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Immunol Allergy Clin North Am. 2003 Aug;23(3):483-99.

Cockroach allergy.

Author information

1
Division of Allergy and Immunology, National Jewish Medical and Research Center, 1400 Jackson Street, Denver, CO 80206, USA. Katialr@njc.org

Abstract

The ubiquitous existence of cockroaches and the large-scale domestic infestation seen in inner cities make cockroach proteins a significant indoor allergen and a risk factor for asthma among inner-city residents. Studies have shown that early exposure to high levels of allergen may lead to the development of asthma in individuals with a genetic predisposition to asthma. Although field trials at cockroach abatement do not yield promising results, integrated pest management still remains the best control strategy. In highly susceptible or symptomatic patients, allergen-specific immunotherapy may be beneficial, although data are limited. As molecular techniques improve and recombinant allergens are developed, a more novel form of T-cell-specific immunotherapy may prove to be efficacious without the anaphylactic side effects seen with traditional allergy vaccines.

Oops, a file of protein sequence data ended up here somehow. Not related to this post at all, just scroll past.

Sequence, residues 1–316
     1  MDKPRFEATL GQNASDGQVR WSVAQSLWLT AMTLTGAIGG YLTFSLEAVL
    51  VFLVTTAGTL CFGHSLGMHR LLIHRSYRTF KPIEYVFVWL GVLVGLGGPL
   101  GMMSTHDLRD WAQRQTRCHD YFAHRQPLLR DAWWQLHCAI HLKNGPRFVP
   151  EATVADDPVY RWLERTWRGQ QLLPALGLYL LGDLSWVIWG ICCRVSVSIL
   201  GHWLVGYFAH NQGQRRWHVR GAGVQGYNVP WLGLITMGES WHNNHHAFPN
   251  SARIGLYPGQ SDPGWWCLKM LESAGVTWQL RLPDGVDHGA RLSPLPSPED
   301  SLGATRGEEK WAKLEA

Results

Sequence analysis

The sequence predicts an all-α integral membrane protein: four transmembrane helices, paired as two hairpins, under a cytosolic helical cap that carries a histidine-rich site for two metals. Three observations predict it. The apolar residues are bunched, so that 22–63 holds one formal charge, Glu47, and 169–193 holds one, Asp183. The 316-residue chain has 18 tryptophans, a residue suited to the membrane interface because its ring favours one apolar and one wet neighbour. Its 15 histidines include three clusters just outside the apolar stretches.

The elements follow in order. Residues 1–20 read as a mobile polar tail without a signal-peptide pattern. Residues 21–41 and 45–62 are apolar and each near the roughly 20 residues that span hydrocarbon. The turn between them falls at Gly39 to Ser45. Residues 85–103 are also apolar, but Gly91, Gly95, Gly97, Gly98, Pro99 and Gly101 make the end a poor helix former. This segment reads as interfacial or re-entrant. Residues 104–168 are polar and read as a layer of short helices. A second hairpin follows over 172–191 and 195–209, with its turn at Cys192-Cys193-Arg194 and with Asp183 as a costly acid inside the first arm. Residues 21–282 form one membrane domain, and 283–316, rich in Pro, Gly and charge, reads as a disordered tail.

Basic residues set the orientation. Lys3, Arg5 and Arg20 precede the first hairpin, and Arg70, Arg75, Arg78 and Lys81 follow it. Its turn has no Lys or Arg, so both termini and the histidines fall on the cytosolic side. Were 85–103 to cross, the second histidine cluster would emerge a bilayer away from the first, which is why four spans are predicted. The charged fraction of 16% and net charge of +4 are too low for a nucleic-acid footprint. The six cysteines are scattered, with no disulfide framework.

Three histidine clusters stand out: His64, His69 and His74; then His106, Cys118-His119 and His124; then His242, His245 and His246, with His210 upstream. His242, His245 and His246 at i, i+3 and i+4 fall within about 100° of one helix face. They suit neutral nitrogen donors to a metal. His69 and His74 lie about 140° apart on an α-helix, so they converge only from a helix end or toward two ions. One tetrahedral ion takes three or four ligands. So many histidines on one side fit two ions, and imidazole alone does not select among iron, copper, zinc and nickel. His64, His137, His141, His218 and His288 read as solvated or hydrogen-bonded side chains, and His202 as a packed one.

PMID:
14524387
DOI:
10.1016/s0889-8561(03)00002-x
[Indexed for MEDLINE]

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